different types of Champagne producers and the many different styles they produce. This week, I am focusing specifically on the brut non-vintage cuvée. Brut non-vintage is the manifestation of a Champagne producer's philosophy—his house style, so to speak. The brut non-vintage cuvée is about consistency year-in-year-out and is the bread and butter of the business. Light, Medium and Full Bodied One of the easiest ways to divvy up the plethora of non-vintage Champagne brands is by body. Some are light and elegant with great finesse; some are rounder, more voluminous and medium-bodied; others are more powerful and full-bodied. I have selected a cross section of Champagne brands to illustrate this progression in magnitude. I don't necessarily favor one over the other; it really depends on the mood I am in, the occasion, and what I am eating. These are all Champagnes that I find consistently to be of very high quality and offer good value for money. I have kept my selection under $60, and while I would love to have included a few more brands, I favored brands that are more widely distributed throughout the United States.
Lighter Bodied ChampagnesBruno Paillard, Ayala and Taittinger are three Champagnes that I would consider fairly light-bodied—by no means inconsequential, but they have a delicacy, freshness and elegance that makes them superb aperitif wines. They also pair well with lighter fish dishes.
- Bruno Paillard, Brut Première Cuvée NV - $53: A smaller less well-known independent Champagne House, but it is one worth getting to know. Wonderfully taut and structured wines. This Champagne has a low dosage, so it might be a bit austere for some palates (not for me!). Just let it open up in your glass. It is 22 % Pinot Meunier, 33 % Chardonnay and 45 % Pinot Noir with about 20% reserve wines
- Ayala Brut Majeur NV, $39: Probably one of the best value 'top' Champagnes available, and the only one with a Latin name! Appreciated for its dry, low-dosage style, Ayala is the sister Champagne of Bollinger, having been bought by Champagne Bollinger in 2005. Ayala Brut majeur is a blend of 45% Pinot Noir, 35% Chardonnay and 20% Pinot Meunier 20% with circa 20% reserve wines.
- Taittinger Brut La Française, Brut NV, $40: From a very well-known house, Brut La Française is a blend of 40% Chardonnay with 60% a combination of Pinot Noir and Pinot Meunier sourced from over 35 different villages. Aged for four years on the lees. An elegant wine with great finesse.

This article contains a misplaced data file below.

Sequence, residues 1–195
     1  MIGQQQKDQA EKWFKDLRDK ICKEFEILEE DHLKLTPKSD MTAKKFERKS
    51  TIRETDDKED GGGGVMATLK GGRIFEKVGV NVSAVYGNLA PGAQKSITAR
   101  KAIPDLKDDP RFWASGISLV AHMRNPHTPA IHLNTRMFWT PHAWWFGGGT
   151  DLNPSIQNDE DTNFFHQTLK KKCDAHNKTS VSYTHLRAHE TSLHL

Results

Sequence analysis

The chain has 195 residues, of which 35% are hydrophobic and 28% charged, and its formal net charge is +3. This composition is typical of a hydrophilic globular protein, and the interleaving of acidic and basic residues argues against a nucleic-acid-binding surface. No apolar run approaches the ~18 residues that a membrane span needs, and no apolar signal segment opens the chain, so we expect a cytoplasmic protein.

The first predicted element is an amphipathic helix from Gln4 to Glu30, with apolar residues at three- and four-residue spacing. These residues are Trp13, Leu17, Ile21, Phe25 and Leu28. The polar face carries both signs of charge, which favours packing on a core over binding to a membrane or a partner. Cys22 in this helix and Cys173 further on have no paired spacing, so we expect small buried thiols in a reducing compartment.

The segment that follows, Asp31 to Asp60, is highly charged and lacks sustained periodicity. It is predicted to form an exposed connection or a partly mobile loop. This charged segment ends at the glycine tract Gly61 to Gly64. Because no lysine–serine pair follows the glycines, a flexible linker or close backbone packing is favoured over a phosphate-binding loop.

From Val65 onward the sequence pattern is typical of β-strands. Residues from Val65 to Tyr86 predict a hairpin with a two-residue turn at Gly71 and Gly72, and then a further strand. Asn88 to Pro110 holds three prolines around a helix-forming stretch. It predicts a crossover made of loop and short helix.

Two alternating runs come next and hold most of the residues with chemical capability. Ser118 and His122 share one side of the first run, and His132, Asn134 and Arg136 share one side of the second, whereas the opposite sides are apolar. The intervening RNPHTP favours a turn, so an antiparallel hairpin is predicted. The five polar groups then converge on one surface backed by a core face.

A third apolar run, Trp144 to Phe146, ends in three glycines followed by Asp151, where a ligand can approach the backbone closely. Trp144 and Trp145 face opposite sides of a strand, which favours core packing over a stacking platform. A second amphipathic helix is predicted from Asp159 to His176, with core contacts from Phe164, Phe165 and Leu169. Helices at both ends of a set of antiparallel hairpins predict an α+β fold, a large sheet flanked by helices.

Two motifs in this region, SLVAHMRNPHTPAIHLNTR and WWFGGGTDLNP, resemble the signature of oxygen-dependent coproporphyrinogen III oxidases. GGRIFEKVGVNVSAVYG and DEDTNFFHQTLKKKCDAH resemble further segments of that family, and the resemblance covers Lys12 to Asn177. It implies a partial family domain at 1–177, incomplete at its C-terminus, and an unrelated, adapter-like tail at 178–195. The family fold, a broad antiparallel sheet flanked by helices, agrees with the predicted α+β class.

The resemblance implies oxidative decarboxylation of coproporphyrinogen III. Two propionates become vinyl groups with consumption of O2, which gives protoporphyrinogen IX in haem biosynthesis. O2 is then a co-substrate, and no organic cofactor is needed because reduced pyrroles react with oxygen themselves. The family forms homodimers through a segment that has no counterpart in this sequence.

Medium Bodied ChampagnesPierre Moncuit, Louis Roederer and Moët & Chandon are three very different Champagnes, but three that I would consider more medium-bodied than our first three, each showing a fuller mouth feel with a little more palate weight. These Champagnes are excellent at the table.
- Pierre Moncuit, Brut NV, Blanc de Blancs, $44: Even though this is 100% Chardonnay, it is quite round and mouth filling. Pierre Moncuit is a small grower who makes his own Champagne from his tiny Grand Cru vineyards. It has a low dosage of about 8g/l. Not as widely distributed as the big names/houses, but one to seek out.
- Louis Roederer Brut NV, $45: Well, what can I say? Champagne Louis Roederer has long, long been a favorite of mine. I discovered it decades ago as a student in France, and it never disappoints. A blend of Chardonnay, Pinot Noir and Pinot Meunier, it is aged for about 3 years on the lees and has a dosage of 9g/l.
- Moët & Chandon, Brut NV, $40: The largest Champagne brand, selling millions and millions of bottles. While I did emphasize consistency for Brut NV, Moët and Chandon's Brut NV Cuvée has undergone a bit of a needed makeover. Stricter selection, more Chardonnay in the blend and the dosage reduced from 12/l to 9g/l has put this wine firmly back on my radar. So if you had given up on it, too, give it another try!
Full-Bodied ChampagnesBollinger (of course) and Charles Heidsieck sit here, but I would also include Michel Loriot's Blanc de Noirs as well as my favorite new Champagne find of 2012, Marie Noëlle LeDru. These Champagnes have much more weight on the palate with a fuller and richer mouth feel.
- Bollinger Special Cuvée Brut NV, $55: Mr. Bond's Champagne of choice, of course! Once you taste Bollinger Special Cuvée NV Brut, you will always remember the taste. Bollinger has always been one of the few houses to ferment its base wines in large, old oak casks - though more are doing it now. It is rich, nutty and complex, a blend of 60% Pinot Noir, 25% Chardonnay & 15% Pinot Meunier.
- Charles Heidsieck Brut Reserve, $45: With its elegant new bottle and label, this was a recent 'Wine of the Week' for me, and another one of my long time favorite Champagnes. It represents amazing value for the money. Charles Heidsieck is unique in its use of 40% reserve wines going back 15 years, which add richness and fullness to the blend. This is a classic blend of Chardonnay, Pinot Noir and Pinot Meunier grapes.
- Michel Loriot, Blanc de Noirs, Brut Reserve, $38: Another small grower-producer, but one that is quite well distributed. 100% Pinot Meunier, it is not as powerful as a pure Pinot Noir, but certainly expressive and mouth filling. Blanc de Noirs are usually much more expensive than $40, so if you spot this one, buy it!
- Marie Noëlle Le Dru, Extra Brut NV, $59: Ah yes, I've pushed the price band to its limit, but for good cause. I have also moved from Brut to Extra-Brut, and again with good cause. This is a rich, powerful and complex Champagne. It is a blend of 85% Pinot and 15% Chardonnay from Marie Noëlle's tiny few acres in Ambonnay, one of the top Pinot Noir villages of Champagne. No dosage added, it is very dry with about 3-4g/l residual sugar.